Friday, September 02, 2011

Titanium (w/Sia)

Song: Titanium (w/Sia)
Artist: David Guetta
Album: Nothing But the Beat

It took me a while to come around to David Guetta, and it wasn't the overblown "When Love Takes Over" with Kelly Rowland that did it, though I did warm up to it, it was "Memories" with Kid Cudi that really intrigued me about the French DJ.  But it was of course his collaboration with The Black Eyed Peas, "I Gotta Feeling" that really changed things for him.  That song became an instant classic, melding the Peas love of urban pop and Guetta's Euro-style house beats.  It was really a turning point, or birth of that genre, and now ALL we hear on the radio and in clubs is this fusion of hip-hop and Euro dance.

So, I got really fucking tired of "I Gotta Feeling," and of this new "genre" in general.  While that was really the only song on "One Love" that went for that loud, beats that beat you over the head style, it obviously meant something to Guetta, and his bank account... because "Nothing But the Beat" is largely one "I Gotta Feeling" after another.

The album starts with a Nicki Minaj/Flo Rida track, "Where Them Girls At," terrible.  That's followed by the equally slick and grating "Little Bad Girl" with Taio Cruz and Ludicris.  Ugh.  Third track "Turn Me On" with again Nicki Minaj is different, it's more dance focused and a real departure for Minaj who puts her trademark cartoonish unhingement on hold.  (Well, until the end.)  But it's alright... it's way more trance than anything else.  Okay.

So then I flip-flop on my stance.  Next is the Snoop Dog assisted "Wet," (or "Sweat" if you have a censored version) which is exactly this type of urban pop house that I've been dissing.  But... Snoop Dog sells this.  It's vaguely naughty, has a pretty colossal beat, and reminds me more of the Calvin Harris/Dizzie Rascal collabs that I loved.  Man, it seemed the album was turning around.

Not so fast.

The album jumps right back with tracks using Usher, Chris Brown & Lil Wayne, Akon, Timbaland.  Usher's "Without You" is going for what I can only describe as a house-leaning ballad, it's got let-me-be-a-hit written all over it, and it's dreadful.  I actually like the beat of "Nothing Really Matters," but's mugging and incessant talk about "the club" is tiresome.  I can't say I've really been a defender of the Black Eyed Peas... I've just liked a couple tracks of theirs.  But "Nothing Really Matters" is everything you don't like about B.E.P.  So three more tracks follow of this same stuff... man disappointment.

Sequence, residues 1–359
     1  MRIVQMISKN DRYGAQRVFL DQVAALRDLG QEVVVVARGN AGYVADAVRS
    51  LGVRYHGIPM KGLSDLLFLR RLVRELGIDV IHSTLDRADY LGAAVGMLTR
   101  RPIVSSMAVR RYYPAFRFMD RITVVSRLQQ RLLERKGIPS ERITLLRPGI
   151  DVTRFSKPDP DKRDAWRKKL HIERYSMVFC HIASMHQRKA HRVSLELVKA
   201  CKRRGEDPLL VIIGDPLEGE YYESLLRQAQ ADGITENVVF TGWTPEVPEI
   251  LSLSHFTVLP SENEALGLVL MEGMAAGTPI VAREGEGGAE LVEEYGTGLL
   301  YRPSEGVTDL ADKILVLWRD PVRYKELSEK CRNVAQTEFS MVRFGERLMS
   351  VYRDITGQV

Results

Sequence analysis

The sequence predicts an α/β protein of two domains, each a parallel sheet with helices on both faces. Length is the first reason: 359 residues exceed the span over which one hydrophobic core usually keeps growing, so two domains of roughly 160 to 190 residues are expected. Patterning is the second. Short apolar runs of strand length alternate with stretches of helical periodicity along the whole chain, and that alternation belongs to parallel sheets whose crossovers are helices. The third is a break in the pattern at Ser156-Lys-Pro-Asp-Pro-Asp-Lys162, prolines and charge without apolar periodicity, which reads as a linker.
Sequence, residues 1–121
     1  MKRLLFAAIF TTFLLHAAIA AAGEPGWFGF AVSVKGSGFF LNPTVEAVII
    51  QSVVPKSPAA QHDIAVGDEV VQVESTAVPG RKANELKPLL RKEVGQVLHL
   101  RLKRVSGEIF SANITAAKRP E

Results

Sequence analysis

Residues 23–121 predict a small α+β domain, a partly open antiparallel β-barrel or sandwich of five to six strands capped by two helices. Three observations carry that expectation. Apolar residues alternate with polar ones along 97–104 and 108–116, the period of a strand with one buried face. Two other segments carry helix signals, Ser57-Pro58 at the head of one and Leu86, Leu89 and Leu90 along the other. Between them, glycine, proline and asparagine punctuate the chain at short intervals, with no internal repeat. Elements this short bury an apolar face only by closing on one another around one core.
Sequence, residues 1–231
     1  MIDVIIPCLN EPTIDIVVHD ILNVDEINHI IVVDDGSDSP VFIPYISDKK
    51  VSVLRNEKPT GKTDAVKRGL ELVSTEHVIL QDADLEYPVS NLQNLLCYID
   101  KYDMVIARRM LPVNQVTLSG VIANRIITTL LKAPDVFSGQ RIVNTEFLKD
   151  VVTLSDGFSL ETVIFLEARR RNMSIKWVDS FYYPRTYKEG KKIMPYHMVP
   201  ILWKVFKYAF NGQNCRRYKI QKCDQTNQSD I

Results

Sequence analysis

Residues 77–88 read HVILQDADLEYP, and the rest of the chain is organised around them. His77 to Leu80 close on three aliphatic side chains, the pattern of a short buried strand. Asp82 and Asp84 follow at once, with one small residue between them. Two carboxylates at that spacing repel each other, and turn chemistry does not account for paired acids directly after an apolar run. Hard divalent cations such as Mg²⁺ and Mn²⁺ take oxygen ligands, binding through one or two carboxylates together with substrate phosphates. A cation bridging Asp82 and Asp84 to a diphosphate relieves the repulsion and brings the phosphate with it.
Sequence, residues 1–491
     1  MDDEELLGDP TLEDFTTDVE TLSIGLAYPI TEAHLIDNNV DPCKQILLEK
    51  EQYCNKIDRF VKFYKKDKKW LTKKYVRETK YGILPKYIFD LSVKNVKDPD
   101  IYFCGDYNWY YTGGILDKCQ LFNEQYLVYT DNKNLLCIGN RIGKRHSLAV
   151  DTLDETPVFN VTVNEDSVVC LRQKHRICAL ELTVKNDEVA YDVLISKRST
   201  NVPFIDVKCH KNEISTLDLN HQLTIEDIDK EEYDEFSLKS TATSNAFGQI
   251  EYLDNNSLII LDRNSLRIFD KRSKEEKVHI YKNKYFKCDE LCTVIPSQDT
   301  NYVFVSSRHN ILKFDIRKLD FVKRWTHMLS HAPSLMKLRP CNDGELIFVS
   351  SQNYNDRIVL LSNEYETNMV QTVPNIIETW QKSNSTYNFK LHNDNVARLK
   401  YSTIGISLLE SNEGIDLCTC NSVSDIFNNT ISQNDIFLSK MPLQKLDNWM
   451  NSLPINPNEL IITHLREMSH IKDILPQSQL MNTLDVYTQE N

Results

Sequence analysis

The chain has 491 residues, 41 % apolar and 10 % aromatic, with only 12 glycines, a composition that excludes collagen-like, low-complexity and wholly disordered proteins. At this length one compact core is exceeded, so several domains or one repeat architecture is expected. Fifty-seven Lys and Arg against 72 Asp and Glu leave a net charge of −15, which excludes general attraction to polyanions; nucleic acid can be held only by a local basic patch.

So why am I even writing about this travesty?  Well, aside from the Nicki Minaj track, and Snoop's very fun "Wet," the album does end rather strong with the three last (and notably female-fronted) tracks.  "Night of Your Life" with Jennifer Hudson is really this same old stuff, but this girl can seriously sing... and totally sells it.  It's not trying to be "When Loves Takes II..." but is only reminiscent because it's got a good catchy beat and a serious diva with strong, powerhouse vocals behind it.  Next is the Pink-ish "Repeat" with Jessie J.  The English songbird who's been making notable advancements here in America with the hit "Price Tag," a spot as house band for the VMA's, and a possible Katy Perry sized hit with new single "Domino."  But "Repeat" is the first honest moment of joy on the album.  It just really sings.  Fun.  Story-telling.  I like it.

The whole mess ironically ends with its best track, "Titanium" featuring quirky Australian chanteuse Sia.  It has no chance of being a single, so you won't be hearing it out "in the club" unfortunately.  It starts with some beautiful "Every Breath You Take"-like guitar strumming, then Sia's trademark deep and intriguing voice, a building beat at the one minute mark until the whole thing boils over into euphoric trancy bliss.  I love Sia anyhow, and it's refreshing to have some lyrically driven tracks that are about something human and not just getting down at the club.  (I suppose "Without You" does that too, but it's dreck)  It's really a great great song and a clue to what the album could have been.  Too bad.

Guetta may have realized that he's been slowly losing the audience that put him up on top in the first place as you can get a version of the album with a second disc of mostly Daft Punk-esque hard-hitting instrumentals.  So if you loathe this pop sound that's lined his wallet, you might like disc two.  I'm listening to what boils down to a solid EP of more interesting collaborators that match more interesting vocals and lyrics to his beats.  And it's pretty good.  I don't really recommend the album, but you hear nothing else, please listen to the amazing "Titanium."


Night of Your Life

1 comment:

Mike Heffron said...

She sounds like Eddie Vedder's sister.